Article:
What'll happen at Proof & Provision?
I want to keep that evolving as well, watching way that the cocktails work with the food. It's very important to us from a mixology standpoint, with the guys that run the bar down there, that it all fits together cohesively with the kitchen. So they're spending a lot of time developing craft cocktails and doing things like making their own syrups or bitters and the same thing could be said of the food. A lot of it is really simple things, but it's done with a lot of technique and craft attached to it. It's given us a different vibe: While the dining room is a little bit more posh and has sort of a Hollywood Regency feel, downstairs is more jeans and cocktails and just real laid back. So it gives us another outlet to explore things. With the food aspect, it's great for me because I get to explore two different feels. It's like playing on two different stages.
Do you have a hand in catering and room service?
All the outlets I have a hand in. I have really good chefs. We do a ton of banquet work here— we're obviously a pretty big wedding destination. As a food and beverage team, we're looking to utilize some of the outlets that maybe through the course of time haven't been as utilized.
So what's your timeline of taking over the reins of the kitchen?
That's already happened from day one. That's the easy part. The timeline for evolving completely here, it generally takes between six months to a year to really get a good foothold in a place. I think the menu that will come out in mid-October will be a good, well thought-out snapshot of what I feel this place is about, and what I feel the kitchen is about. How it all fits together, and how it all fits in with this building. You can't overlook things like that. You can't overlook that we're in the South. From an ingredient standpoint, you can't overlook certain styles. It wouldn't make sense for me to come in here and try to do, like, Asian-fusion. It doesn't marry well with this property and it doesn't fit well.
My task is to find things that not only fit well, but also make sense. At the end of the day, [the menu] also tells a story about what this place is. There are not too many places that have a hundred years of history. There's a lot of newness in Atlanta. That can be a good thing, but history can't be avoided.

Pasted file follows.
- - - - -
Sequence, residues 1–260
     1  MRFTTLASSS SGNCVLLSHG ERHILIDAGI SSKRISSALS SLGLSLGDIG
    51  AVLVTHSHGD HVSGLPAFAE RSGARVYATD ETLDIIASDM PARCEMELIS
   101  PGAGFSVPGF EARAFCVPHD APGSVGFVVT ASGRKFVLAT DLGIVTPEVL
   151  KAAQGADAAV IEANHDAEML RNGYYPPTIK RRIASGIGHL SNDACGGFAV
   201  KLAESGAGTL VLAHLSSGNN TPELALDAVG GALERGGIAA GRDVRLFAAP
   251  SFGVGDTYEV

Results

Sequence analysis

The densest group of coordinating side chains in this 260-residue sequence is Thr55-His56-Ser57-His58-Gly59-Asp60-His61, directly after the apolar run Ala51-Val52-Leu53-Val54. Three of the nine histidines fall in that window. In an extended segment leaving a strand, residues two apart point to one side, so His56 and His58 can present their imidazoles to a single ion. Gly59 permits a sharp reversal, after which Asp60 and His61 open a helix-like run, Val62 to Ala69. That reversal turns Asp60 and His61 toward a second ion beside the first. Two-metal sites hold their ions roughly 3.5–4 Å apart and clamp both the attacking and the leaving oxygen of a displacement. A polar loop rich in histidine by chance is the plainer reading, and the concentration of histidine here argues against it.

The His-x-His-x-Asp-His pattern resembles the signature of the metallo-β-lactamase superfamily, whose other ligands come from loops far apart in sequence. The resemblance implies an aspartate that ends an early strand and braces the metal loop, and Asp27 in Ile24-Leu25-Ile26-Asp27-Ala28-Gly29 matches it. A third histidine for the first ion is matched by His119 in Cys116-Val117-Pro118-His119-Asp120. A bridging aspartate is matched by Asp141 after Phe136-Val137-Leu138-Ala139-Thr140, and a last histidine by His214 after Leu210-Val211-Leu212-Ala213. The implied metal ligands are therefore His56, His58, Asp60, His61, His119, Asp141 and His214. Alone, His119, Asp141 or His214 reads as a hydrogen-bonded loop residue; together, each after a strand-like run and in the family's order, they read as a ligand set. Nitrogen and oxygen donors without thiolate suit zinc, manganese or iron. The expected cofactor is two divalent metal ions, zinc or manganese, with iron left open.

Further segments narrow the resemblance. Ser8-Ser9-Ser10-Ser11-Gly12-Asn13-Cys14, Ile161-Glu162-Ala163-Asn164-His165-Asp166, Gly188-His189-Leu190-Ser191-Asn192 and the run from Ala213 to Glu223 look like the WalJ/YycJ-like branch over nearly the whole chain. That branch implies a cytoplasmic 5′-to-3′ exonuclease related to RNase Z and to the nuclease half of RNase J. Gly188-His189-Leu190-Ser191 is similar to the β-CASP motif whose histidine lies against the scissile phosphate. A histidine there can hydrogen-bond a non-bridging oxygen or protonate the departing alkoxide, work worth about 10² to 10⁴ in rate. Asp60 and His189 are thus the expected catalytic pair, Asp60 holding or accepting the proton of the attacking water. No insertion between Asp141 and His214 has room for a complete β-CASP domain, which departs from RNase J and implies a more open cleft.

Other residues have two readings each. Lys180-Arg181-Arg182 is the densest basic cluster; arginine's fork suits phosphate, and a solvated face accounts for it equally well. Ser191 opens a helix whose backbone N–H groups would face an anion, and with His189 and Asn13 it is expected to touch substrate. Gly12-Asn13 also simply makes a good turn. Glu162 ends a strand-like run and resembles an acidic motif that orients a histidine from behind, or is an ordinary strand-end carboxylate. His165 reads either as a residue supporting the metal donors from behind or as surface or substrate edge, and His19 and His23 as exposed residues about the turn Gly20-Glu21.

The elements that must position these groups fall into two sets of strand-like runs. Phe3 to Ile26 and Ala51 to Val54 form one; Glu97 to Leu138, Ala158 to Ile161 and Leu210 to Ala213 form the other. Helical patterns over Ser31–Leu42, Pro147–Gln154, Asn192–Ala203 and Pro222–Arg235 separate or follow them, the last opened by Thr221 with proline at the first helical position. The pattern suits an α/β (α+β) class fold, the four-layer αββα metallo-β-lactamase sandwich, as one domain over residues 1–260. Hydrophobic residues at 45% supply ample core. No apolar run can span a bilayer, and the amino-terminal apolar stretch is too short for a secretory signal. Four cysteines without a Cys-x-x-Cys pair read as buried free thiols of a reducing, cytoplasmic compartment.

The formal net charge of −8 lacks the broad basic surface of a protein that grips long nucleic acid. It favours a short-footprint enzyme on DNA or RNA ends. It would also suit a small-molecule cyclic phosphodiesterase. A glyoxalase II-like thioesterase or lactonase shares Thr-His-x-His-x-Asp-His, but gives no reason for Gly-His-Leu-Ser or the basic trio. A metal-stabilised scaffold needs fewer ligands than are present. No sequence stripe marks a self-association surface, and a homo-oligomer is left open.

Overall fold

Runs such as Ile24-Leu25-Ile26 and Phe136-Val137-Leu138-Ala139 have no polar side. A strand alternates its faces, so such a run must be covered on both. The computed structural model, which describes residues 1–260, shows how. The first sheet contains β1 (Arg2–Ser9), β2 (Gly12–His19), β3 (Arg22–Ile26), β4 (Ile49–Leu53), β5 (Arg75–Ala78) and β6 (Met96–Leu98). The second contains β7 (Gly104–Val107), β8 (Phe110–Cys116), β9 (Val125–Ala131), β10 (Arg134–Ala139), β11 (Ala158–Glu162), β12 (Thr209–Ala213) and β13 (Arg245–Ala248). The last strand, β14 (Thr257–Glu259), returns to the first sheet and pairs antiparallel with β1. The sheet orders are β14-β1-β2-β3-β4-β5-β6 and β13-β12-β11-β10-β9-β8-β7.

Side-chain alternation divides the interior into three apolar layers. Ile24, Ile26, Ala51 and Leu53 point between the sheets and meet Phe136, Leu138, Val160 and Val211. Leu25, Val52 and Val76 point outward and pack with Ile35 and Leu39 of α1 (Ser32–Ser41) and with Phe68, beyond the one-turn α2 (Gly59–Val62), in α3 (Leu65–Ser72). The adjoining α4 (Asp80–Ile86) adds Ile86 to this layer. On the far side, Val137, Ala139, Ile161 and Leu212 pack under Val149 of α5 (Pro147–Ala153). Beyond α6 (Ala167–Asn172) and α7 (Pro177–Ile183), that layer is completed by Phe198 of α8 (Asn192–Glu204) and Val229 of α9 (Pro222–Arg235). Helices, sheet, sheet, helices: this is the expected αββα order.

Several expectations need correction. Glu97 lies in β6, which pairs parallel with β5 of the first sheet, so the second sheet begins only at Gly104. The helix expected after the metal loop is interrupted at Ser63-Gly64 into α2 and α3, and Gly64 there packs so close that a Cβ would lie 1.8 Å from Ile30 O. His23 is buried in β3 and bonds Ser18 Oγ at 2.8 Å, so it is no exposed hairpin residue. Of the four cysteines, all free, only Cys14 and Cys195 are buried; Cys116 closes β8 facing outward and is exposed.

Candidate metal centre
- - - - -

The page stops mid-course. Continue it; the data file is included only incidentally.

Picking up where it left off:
It's good to have some legacy.
And reinvented legacy. Some polish, some shine. I mean, look around this dining room. It's a grand venue. A little bit imposing. It's the one thing that— to the hotel guest, walking in here in jean shorts and a t-shirt could be a little bit daunting.
Do you feel like there are different challenges in the hotel industry than if you were at a stand-alone restaurant?
It's different in the fact that you're dealing with a sort of transitory audience. You have people in and out all the time; you have groups of people from all over the world here. We just had a conference in the hotel, and I think more than half of the people were based out of parts of Europe. You're dealing with a broader range of a captive audience. Like any location or property, it's got its pluses and minuses.
But it's not too, too different [from a stand-alone restaurant], not at this property. This property tends to be more independent than, say, a larger corporate conglomerate. The owners and the management of this property have really given me a broader scope to work with.
Do you go eat at other people's restaurants?
I tend not to do that right now. I'll do that once I get settled in and get my mind wrapped around what I do here. It's almost like painting, if you're painting, you don't necessarily want to go to a museum and stare at other people's artwork— just because it sometimes can dilute what your intentions are. That's an important part of evolving as a chef: learning to be comfortable with yourself and your style and what you're doing and not trying to jump onto trends or things that are not long-term oriented.
For me, I think I've been in and out of Atlanta for over 20 years now. I spent a lot of my formative years as a youth running around the city, so I got to see it evolve. Like I said, a lot of those neighborhoods I used to kick around have grown and there are some really cool restaurants there now. So it's just fun for me to see those things and to see the people I admire and the chefs I've admired and respected be successful in their undertakings. Hopefully I can claim a little of that for myself here at this property. I feel like I've got a pretty good start.
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Michael Semancik. [Photo: Jena Anton]